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Retained Earnings Dynamic, Internal Promotions and Walrasian Equilibrium

  • Beker, Pablo F

    (Department of Economics, University of Warwick)

In the early stages of the process of industry evolution, firms are financially constrained and might pay different wages to workers according to their expectations about the prospects for advancement offered by each firm’s job ladder. This paper argues that, nevertheless, if the output market is competitive, the positive predictions of the perfectly competitive model are still a good description of the long run outcome. If firms maximize the discounted sum of constrained profits, financing expenditure out of retained earnings, profits are driven down to zero as the perfectly competitive model predicts. Ex ante identical firms may follow different growth paths in which workers work for a lower entry-wage in firms expected to grow more. In the steady state, however, workers performing the same job, in ex-ante identical firms, receive the same wage. I explain when the long run outcome is efficient, when it is not, and why firms that produce inefficiently might drive the efficient ones out of the market even when the steady state has the positive properties of aWalrasian equilibrium. To some extent, it is not technological efficiency but workers’ self-fulfilling expectations about their prospects for advancement within the firm that explains which firms have lower unit costs, grow more, and dominate the market.

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File URL: http://www2.warwick.ac.uk/fac/soc/economics/research/workingpapers/2008/twerp_813.pdf
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Paper provided by University of Warwick, Department of Economics in its series The Warwick Economics Research Paper Series (TWERPS) with number 813.

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Length: 41 pages
Date of creation: 2007
Date of revision:
Handle: RePEc:wrk:warwec:813
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  1. Lawrence E. Blume & David Easley, 1997. "Optimality and Natural Selection in Markets," GE, Growth, Math methods 9712003, EconWPA, revised 09 Jul 1998.
  2. Pablo F. Beker, 2004. "Retained Earnings Dynamic, Internal Promotions And Walrasian Equilibrium," Working Papers. Serie AD 2004-14, Instituto Valenciano de Investigaciones Económicas, S.A. (Ivie).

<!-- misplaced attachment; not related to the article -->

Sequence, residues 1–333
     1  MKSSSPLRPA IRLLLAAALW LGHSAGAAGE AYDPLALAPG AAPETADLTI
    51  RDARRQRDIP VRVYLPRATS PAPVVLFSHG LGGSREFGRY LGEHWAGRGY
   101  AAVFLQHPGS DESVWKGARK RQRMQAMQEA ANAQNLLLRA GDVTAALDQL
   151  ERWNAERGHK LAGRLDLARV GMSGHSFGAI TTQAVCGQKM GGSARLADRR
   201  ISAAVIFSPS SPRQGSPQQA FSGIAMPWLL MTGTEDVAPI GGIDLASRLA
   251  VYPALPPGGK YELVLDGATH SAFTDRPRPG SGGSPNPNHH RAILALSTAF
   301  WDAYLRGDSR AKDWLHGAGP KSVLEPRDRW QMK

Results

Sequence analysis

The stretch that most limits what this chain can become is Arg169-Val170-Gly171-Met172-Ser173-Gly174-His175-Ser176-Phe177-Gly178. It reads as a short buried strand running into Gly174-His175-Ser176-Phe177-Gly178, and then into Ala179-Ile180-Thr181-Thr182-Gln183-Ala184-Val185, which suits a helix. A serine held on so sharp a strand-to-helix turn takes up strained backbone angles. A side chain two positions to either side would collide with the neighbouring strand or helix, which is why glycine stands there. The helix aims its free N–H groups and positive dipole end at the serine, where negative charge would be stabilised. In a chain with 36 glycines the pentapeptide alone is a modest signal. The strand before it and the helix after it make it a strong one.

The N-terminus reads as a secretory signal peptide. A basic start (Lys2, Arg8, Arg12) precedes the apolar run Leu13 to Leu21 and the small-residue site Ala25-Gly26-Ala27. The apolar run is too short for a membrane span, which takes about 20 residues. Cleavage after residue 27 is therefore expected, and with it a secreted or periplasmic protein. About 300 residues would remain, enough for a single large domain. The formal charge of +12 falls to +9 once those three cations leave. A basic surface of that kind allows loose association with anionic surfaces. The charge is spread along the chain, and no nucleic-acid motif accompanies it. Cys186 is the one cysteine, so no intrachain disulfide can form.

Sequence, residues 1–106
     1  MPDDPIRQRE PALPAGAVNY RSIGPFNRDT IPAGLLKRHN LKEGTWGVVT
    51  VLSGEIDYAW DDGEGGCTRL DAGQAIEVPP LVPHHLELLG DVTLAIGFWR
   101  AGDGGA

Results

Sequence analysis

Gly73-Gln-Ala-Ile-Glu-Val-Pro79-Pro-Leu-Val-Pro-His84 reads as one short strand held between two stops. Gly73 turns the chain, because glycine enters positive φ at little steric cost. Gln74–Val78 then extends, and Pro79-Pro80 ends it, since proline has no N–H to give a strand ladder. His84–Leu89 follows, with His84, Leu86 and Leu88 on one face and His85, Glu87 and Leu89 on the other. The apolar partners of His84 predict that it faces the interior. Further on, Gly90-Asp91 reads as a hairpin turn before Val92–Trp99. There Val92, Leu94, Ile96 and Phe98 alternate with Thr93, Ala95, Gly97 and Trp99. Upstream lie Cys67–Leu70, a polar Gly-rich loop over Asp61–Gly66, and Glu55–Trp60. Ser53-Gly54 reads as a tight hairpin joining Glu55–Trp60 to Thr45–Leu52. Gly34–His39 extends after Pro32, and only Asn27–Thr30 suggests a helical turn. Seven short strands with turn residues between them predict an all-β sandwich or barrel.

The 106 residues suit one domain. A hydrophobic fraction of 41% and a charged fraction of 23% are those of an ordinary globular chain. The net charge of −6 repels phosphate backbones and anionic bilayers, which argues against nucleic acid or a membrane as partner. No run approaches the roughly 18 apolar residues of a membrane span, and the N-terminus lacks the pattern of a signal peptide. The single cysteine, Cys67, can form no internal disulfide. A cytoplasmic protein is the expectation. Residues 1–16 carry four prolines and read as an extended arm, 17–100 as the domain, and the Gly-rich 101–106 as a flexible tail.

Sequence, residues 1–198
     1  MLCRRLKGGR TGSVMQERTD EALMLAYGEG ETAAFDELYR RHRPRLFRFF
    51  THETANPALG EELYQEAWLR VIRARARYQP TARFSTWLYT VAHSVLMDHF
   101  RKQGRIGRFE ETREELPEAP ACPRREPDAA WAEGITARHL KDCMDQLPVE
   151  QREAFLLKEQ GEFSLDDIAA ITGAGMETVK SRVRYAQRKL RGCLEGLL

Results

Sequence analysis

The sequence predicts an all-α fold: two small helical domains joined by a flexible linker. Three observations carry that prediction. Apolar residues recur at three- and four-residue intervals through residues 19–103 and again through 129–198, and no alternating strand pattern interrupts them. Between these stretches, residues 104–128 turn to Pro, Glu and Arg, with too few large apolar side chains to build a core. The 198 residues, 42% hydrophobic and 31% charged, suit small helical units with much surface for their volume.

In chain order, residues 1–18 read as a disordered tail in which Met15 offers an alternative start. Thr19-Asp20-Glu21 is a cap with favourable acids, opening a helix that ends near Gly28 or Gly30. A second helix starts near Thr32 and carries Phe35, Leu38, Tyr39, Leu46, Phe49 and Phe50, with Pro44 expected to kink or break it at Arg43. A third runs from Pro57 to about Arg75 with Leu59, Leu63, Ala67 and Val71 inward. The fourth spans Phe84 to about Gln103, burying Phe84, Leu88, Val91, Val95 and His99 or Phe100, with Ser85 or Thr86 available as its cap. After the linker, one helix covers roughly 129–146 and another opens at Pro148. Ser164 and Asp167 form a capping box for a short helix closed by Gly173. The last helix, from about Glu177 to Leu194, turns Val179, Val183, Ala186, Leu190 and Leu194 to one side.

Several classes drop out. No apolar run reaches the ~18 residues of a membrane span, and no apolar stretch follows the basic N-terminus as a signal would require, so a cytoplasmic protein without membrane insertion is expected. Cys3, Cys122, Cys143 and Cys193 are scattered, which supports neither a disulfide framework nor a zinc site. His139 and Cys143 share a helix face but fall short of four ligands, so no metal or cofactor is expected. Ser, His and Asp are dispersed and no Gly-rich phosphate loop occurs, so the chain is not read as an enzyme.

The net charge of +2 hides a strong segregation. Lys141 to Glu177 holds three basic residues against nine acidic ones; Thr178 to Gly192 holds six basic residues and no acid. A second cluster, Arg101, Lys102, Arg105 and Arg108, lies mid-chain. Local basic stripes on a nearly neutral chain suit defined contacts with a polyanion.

3. Winter, Sidney G, 1971. "Satisficing, Selection, and the Innovating Remnant," The Quarterly Journal of Economics, MIT Press, vol. 85(2), pages 237-61, May.
  4. Arthur, W Brian, 1989. "Competing Technologies, Increasing Returns, and Lock-In by Historical Events," Economic Journal, Royal Economic Society, vol. 99(394), pages 116-31, March.
  5. Dan Bernhardt & David Scoones, 1991. "Promotion: Turnover and Preemptive Wage Offers," Working Papers 817, Queen's University, Department of Economics.
  6. Beker, Pablo F., 2004. "Are inefficient entrepreneurs driven out of the market?," Journal of Economic Theory, Elsevier, vol. 114(2), pages 329-344, February.
  7. Stiglitz, Joseph E & Weiss, Andrew, 1981. "Credit Rationing in Markets with Imperfect Information," American Economic Review, American Economic Association, vol. 71(3), pages 393-410, June.
  8. Malcomson, James M, 1984. "Work Incentives, Hierarchy, and Internal Labor Markets," Journal of Political Economy, University of Chicago Press, vol. 92(3), pages 486-507, June.
  9. Sidney G. Winter, 1964. "Economic "Natural Selection" and the Theory of the Firm," LEM Chapters Series, in: Yale Economic Essays, pages 225-272 Laboratory of Economics and Management (LEM), Sant'Anna School of Advanced Studies, Pisa, Italy.
  10. Sherwin Rosen, 1985. "Implicit Contracts: A Survey," NBER Working Papers 1635, National Bureau of Economic Research, Inc.
  11. Armen A. Alchian, 1950. "Uncertainty, Evolution, and Economic Theory," Journal of Political Economy, University of Chicago Press, vol. 58, pages 211.
  12. Feldman, Mark & Gilles, Christian, 1985. "An expository note on individual risk without aggregate uncertainty," Journal of Economic Theory, Elsevier, vol. 35(1), pages 26-32, February.
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